Personal info

  • Name: Henry Peel RITCHIE
  • D.O.B: 29th Jan, 1876
  • D.O.A: 28th Nov, 1914
  • D.O.D: 9th Dec, 1958
  • Award: Victoria Cross
  • Occupation at time of action: Commander, HMS Goliath, Royal Navy
  • Book: The Complete History - Volume 2
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Dar-es-Salaam, German East Africa 28 November 1914

28 November 1914

More details about:
The First World War 1914 

Germany had established a protectorate over East Africa (now Tanzania) in 1885. On the outbreak of war the Governor of the colony had declared his capital, Dar-es-Salaam, an open port and had sunk a floating dock in its harbour mouth. However, he continued to send supplies by sea to the Königsberg, a German warship which had taken refuge in the Rufiji Delta to the south. From there it had sailed out and on 20 September 1914 destroyed HMS Pegasus in Zanzibar harbour. The location of the Königsberg was discovered on 30 October and a plan was made to blockade it in the Rufiji Delta. Meanwhile, in early November a British invasion of German East Africa was repulsed at Tanga. On 28 November HMS Fox and HMS Goliath together with an armed auxiliary vessel Duplex, a former German cable ship, arrived at Dar-es-Salaam to disable German shipping in the harbour. The German Administrator was informed but refused to guarantee that no resistance would be offered. Only small vessels were able to enter the harbour and its creeks, so Commander H P Ritchie, the former gunnery officer and Second in Command of HMS Goliath, was given command of Duplex. He led the search in Goliath’s steam pinnace, which had been fitted with a Maxim gun. He was accompanied by Lieutenant Paterson of Goliath in the Helmuth, a former German tug, and Lieutenant E Corson of HMS Fox, in a steam cutter. No German sailors were evident in the harbour. Ritchie disabled the König and the Kaiser Wilhelm II. On the latter his suspicions were aroused by the discovery of loose ammunition and he lashed steel lighters to the pinnace to afford it protection. As he attempted to make his way back across the harbour heavy firing broke out. His coxswain, Petty Officer T J Clark, was hit and Ritchie took over the wheel; he himself was hit eight times in 20 minutes. When Ritchie fainted from loss of blood Clark was able to resume the wheel and reach the Goliath. Meanwhile the stoker on HMS Fox’s cutter had been mortally wounded and Lieutenant Corson had taken over his duties. Though much shipping had been put out of commission, the outbreak of firing had necessitated the abandonment of thirty-five officers and men, including a naval surgeon, Holtom, who was inspecting the Tabora, a supposed hospital ship, and Paterson’s demolition team which was still on the König. Ritchie was awarded the VC for his role in the action, Lieutenant Corson the Distinguished Service Cross and Petty Officer Clark the Conspicuous Gallantry Medal.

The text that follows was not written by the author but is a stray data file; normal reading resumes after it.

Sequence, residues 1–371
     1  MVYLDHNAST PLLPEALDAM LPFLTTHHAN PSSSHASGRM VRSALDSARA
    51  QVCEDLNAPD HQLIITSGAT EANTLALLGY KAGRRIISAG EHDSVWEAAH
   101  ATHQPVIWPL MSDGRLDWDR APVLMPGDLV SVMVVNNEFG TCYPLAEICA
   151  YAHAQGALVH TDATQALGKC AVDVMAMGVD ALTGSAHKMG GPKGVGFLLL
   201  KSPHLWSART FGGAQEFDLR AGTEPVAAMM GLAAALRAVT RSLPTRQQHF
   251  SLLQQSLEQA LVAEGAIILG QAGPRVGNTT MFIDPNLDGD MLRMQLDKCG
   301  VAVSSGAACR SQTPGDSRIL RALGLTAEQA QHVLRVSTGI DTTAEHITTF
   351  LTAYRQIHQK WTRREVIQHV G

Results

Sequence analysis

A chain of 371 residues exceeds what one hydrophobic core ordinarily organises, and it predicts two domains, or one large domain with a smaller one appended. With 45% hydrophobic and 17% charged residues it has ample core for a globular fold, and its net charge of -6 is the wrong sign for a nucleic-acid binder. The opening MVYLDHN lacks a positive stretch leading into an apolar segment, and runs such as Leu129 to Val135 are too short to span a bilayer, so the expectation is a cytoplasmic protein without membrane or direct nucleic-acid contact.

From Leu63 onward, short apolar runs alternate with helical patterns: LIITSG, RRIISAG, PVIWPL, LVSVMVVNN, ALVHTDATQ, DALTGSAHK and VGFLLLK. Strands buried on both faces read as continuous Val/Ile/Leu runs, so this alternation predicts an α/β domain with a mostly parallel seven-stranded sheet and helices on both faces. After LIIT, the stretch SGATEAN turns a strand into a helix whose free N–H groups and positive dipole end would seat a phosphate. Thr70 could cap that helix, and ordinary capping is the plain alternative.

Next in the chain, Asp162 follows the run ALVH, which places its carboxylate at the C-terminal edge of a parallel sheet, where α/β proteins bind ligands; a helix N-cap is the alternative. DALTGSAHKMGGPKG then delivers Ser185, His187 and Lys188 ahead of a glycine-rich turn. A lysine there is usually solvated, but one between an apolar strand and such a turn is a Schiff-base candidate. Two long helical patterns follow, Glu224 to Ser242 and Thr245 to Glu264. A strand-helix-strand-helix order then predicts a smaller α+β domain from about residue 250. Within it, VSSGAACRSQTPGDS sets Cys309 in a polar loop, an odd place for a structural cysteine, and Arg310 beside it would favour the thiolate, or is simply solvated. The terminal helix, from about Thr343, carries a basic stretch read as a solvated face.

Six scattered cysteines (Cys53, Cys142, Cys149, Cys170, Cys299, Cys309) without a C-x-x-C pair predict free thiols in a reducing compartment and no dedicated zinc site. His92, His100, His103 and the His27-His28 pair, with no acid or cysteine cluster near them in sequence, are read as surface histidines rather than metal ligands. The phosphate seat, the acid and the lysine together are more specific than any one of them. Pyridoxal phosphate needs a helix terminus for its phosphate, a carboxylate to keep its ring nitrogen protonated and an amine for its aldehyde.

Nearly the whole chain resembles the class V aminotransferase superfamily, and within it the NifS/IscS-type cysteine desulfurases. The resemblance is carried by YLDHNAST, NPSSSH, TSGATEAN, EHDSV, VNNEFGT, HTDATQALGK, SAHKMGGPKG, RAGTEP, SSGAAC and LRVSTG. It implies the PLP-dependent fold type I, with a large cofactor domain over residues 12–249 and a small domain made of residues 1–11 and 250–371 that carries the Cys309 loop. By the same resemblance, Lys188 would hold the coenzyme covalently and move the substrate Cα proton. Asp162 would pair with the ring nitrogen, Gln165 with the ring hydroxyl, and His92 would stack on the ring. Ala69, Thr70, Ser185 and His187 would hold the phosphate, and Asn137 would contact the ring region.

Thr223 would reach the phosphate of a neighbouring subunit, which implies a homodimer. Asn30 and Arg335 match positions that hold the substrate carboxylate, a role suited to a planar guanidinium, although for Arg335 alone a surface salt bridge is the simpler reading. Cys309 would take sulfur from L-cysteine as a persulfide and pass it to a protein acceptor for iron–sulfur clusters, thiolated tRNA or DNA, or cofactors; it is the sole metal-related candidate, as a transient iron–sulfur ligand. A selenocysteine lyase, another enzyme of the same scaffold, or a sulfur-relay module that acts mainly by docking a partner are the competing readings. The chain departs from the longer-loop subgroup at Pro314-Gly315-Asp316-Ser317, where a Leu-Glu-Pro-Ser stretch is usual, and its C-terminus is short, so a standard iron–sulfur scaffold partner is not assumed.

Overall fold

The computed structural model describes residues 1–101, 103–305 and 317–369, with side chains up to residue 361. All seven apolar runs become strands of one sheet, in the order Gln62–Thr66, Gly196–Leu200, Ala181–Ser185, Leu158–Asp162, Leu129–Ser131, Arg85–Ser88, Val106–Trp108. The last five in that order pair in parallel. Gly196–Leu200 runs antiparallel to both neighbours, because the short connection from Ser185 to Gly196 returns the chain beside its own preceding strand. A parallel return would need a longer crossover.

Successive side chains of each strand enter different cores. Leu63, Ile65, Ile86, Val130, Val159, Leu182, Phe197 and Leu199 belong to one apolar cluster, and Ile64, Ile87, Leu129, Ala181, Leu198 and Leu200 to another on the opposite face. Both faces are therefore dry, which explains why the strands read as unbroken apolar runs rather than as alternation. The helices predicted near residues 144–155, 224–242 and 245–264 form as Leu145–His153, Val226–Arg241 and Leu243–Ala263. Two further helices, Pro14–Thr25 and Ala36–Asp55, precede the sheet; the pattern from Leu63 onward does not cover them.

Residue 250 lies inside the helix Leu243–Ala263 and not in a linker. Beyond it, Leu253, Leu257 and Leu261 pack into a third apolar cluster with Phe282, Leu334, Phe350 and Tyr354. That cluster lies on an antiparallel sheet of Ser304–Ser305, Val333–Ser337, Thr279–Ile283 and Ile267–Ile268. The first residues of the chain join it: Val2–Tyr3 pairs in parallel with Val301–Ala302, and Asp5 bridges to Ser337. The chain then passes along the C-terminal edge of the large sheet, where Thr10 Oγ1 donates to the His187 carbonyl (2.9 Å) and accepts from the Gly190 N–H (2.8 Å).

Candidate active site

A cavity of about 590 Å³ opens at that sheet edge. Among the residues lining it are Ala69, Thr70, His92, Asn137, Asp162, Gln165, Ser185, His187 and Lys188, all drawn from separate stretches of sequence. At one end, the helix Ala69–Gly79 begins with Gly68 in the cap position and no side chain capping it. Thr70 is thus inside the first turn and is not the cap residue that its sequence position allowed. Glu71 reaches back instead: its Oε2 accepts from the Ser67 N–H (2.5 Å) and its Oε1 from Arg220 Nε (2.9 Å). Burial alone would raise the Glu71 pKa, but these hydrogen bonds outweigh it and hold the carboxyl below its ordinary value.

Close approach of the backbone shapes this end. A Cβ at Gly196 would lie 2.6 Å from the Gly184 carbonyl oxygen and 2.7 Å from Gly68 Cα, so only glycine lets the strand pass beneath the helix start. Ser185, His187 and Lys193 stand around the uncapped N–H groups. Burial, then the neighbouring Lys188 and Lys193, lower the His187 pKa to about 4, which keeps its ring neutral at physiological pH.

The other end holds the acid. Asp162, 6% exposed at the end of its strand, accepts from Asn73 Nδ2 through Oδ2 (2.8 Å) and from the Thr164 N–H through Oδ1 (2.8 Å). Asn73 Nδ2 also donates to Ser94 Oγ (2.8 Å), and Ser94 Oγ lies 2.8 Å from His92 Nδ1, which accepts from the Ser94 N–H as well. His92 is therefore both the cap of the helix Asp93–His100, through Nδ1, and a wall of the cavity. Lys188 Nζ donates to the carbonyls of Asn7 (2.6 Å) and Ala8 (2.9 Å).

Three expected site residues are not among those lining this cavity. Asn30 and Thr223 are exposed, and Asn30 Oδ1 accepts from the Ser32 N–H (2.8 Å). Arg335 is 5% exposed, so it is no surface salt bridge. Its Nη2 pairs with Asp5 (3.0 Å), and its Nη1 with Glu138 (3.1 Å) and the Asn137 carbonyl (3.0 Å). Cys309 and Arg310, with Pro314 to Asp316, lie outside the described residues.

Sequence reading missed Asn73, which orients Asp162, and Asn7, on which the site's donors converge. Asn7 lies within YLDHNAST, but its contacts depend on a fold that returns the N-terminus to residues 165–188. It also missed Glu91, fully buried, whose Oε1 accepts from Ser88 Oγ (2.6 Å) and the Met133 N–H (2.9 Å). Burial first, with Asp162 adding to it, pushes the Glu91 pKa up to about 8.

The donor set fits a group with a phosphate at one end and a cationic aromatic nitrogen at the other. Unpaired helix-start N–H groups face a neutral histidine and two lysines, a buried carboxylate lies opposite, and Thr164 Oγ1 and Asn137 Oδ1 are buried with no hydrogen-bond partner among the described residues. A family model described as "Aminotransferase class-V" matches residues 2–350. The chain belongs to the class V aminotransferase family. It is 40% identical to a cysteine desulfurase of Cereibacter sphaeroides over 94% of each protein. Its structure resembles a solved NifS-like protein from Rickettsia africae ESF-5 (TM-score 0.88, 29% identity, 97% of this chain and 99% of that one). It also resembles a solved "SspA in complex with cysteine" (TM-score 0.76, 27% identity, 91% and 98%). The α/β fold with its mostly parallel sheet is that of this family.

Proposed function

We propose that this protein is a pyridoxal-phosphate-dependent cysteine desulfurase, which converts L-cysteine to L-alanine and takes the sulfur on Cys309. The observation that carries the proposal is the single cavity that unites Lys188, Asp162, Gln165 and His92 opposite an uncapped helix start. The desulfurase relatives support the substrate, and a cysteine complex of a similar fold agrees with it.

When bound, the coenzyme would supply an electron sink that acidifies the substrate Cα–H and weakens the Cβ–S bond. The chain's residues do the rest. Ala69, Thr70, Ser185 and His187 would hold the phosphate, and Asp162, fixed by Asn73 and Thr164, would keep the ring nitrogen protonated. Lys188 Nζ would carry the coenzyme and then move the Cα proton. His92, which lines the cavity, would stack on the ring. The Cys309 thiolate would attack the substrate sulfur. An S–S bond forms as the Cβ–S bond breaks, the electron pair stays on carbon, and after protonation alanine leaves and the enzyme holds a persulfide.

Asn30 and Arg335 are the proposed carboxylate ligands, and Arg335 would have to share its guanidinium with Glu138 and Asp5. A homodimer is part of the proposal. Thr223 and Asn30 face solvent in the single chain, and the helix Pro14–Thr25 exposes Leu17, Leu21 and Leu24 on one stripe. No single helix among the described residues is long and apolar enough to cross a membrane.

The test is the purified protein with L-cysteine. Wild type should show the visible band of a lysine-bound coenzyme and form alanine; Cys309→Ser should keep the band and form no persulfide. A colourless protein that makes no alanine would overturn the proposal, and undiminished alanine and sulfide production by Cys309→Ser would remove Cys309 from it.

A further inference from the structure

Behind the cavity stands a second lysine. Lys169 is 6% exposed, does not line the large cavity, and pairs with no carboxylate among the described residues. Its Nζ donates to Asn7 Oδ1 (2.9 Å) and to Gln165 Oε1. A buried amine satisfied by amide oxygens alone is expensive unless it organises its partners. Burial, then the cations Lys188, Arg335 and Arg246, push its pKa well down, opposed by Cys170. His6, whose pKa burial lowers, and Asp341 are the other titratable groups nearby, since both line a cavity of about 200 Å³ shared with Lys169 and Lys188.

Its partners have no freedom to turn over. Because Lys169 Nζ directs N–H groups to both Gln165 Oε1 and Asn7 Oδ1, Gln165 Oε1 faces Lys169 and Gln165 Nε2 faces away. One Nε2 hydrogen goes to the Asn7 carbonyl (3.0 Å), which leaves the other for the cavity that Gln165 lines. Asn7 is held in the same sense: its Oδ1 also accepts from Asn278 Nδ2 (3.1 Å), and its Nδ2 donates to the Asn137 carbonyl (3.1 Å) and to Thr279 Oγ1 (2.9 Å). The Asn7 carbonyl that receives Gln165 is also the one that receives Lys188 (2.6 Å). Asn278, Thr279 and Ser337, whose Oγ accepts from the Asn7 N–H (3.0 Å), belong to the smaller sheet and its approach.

For most conspicuous bravery on the 28th November 1914 when in command of the searching and demolition operations at Dar es Salaam East Africa Though severely wounded several times his fortitude and resolution enabled him to continue to do his duty inspiring all by his example until at his eighth wound he became unconscious The interval between his first and last severe wound was between twenty and twenty five minutes 

Supplement to The London Gazette of 9 April 1915. 10 April 1915, Numb. 29123, p. 3549

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